• truly

    My husband and i are not professional builders, we’re “farmer builders”. We built our own 1200 sf winter home out of Rastra. It is easy to work with and goes up super fast. it is all the finish work that takes time, but that is the case with traditional stick built too. We did have some friends who had built with Rastra (also DIYers) who gave advice, etc. Of course there are things we’d do differently if doing it again, but overall, we love our Rastra house and believe it to be a real DIY-friendly product.

  • roxane

    I’m considering using Rastra for a walkout basement for a superinsulated cottage in Vermont. I would love to talk to someone in the northeast who has used the product and has figured out how to make it waterproof. Please contact me at roxanejj@yahoo.com. I need to make a decision soon as plans need to be completed by Feb 2010. My place will be a simple 24×32 rectangle. I would love to see your place if you are in New England! Thanks.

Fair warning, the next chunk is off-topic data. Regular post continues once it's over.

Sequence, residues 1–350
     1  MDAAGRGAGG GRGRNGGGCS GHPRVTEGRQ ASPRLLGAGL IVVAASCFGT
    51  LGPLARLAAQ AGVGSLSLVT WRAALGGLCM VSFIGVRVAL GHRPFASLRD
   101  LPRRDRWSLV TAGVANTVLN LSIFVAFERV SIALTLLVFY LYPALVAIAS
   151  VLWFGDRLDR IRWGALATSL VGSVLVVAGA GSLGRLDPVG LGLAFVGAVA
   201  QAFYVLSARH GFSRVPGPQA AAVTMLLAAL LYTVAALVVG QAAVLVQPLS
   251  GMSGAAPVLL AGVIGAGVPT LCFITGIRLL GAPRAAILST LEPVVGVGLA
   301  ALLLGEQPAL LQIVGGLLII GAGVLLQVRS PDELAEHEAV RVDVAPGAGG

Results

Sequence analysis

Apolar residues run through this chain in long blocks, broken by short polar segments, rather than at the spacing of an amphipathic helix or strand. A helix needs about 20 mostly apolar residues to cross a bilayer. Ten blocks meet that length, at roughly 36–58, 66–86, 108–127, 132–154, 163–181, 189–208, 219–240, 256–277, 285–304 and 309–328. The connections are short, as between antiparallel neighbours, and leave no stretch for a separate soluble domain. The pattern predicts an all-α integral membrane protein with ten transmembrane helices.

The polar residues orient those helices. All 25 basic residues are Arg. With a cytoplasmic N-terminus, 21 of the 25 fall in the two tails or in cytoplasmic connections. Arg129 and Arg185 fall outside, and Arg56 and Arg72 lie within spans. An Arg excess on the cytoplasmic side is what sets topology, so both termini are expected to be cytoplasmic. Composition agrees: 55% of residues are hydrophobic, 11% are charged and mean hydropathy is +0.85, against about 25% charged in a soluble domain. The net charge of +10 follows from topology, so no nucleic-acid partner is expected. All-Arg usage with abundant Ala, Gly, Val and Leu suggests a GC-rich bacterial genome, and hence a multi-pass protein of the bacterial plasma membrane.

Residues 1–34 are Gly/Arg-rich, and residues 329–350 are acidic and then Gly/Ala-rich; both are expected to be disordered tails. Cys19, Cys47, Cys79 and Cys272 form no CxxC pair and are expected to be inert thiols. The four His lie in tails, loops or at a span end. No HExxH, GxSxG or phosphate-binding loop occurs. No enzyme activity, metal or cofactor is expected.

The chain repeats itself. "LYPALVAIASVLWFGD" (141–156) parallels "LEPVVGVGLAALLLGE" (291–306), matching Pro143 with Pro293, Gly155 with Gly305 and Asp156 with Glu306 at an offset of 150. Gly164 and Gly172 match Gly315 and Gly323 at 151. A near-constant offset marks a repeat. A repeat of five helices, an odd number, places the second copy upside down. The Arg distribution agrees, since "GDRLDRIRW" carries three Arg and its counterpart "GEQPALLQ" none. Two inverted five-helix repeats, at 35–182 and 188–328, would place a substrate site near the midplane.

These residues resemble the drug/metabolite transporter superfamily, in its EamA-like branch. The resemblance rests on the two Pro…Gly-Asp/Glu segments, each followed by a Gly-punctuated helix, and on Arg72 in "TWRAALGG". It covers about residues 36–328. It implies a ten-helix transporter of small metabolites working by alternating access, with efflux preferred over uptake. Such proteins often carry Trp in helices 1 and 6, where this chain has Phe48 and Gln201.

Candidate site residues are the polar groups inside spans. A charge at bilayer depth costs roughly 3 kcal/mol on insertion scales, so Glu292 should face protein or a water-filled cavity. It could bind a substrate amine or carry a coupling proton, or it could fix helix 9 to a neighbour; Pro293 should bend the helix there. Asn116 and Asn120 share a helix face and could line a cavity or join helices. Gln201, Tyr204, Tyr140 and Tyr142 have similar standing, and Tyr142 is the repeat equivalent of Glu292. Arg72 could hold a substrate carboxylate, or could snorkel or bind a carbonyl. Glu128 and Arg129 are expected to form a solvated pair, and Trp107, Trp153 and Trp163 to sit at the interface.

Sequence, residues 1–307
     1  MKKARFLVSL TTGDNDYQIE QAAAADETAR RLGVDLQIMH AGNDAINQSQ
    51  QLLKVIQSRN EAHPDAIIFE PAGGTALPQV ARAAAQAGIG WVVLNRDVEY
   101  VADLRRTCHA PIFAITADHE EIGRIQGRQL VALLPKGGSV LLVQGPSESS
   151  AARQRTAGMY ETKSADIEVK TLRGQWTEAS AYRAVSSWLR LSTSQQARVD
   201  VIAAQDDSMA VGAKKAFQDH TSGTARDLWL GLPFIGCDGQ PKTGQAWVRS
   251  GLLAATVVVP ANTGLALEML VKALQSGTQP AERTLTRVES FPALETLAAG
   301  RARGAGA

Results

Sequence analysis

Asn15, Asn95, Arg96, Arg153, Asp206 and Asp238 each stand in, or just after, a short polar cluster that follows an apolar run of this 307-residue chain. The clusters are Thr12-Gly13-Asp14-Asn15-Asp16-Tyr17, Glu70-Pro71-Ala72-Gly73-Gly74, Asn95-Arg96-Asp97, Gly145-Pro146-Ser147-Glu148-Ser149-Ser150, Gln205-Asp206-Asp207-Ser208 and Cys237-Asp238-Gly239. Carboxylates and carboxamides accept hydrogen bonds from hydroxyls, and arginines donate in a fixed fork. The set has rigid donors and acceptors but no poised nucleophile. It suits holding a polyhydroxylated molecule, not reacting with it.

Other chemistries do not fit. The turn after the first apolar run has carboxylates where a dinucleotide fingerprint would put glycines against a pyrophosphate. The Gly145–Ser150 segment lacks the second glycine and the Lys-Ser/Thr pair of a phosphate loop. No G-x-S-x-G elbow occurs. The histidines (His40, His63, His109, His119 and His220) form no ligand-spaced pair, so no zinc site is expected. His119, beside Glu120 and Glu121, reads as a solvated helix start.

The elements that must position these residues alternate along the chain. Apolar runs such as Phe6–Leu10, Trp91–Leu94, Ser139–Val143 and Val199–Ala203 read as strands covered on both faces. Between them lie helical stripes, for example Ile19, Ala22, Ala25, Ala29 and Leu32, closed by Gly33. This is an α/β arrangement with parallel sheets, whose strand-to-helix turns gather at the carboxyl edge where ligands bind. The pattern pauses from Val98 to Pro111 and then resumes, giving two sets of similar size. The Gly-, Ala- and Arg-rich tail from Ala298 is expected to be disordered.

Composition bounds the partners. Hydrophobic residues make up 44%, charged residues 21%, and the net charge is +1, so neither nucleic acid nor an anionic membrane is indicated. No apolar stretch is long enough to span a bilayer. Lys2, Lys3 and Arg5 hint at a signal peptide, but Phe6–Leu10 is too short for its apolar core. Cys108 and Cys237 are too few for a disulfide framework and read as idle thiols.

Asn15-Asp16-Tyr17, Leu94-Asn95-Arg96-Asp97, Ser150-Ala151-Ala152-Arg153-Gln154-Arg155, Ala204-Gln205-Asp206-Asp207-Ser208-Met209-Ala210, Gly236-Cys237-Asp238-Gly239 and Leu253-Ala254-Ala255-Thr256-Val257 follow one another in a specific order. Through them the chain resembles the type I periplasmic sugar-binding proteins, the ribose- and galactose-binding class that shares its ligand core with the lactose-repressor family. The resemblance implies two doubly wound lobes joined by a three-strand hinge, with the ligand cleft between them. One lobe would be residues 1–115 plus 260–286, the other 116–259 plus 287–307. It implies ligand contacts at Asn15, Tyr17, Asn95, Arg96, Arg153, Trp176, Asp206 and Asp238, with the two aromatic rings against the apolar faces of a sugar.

• roxane

    I’m considering using Rastra for a walkout basement for a superinsulated cottage in Vermont. I would love to talk to someone in the northeast who has used the product and has figured out how to make it waterproof. Please contact me at roxanejj@yahoo.com. I need to make a decision soon as plans need to be completed by Feb 2010. My place will be a simple 24×32 rectangle. I would love to see your place if you are in New England! Thanks.

  • John Neville

    I built a home in Sedona, AZ with Rastra Block in 2003-4. I had the Rastra people put up the walls to be sure things were done right – they weren’t. The home works fine in the hot months – we have no AC – and not as great in the cold. Oriented for passive solar gain, the south walls warm up nicely during the winter. This warming also causes expansion and contraction issues with the 30-40 degree temperature drop over night and the rapid cooling that takes place. We have cracks. Also, the north walls never warm up. There is not enough insulation value in Rastra for the wall to function without the thermal mass of the concrete. In the north walls, the thermal mass never functions. Cold north walls.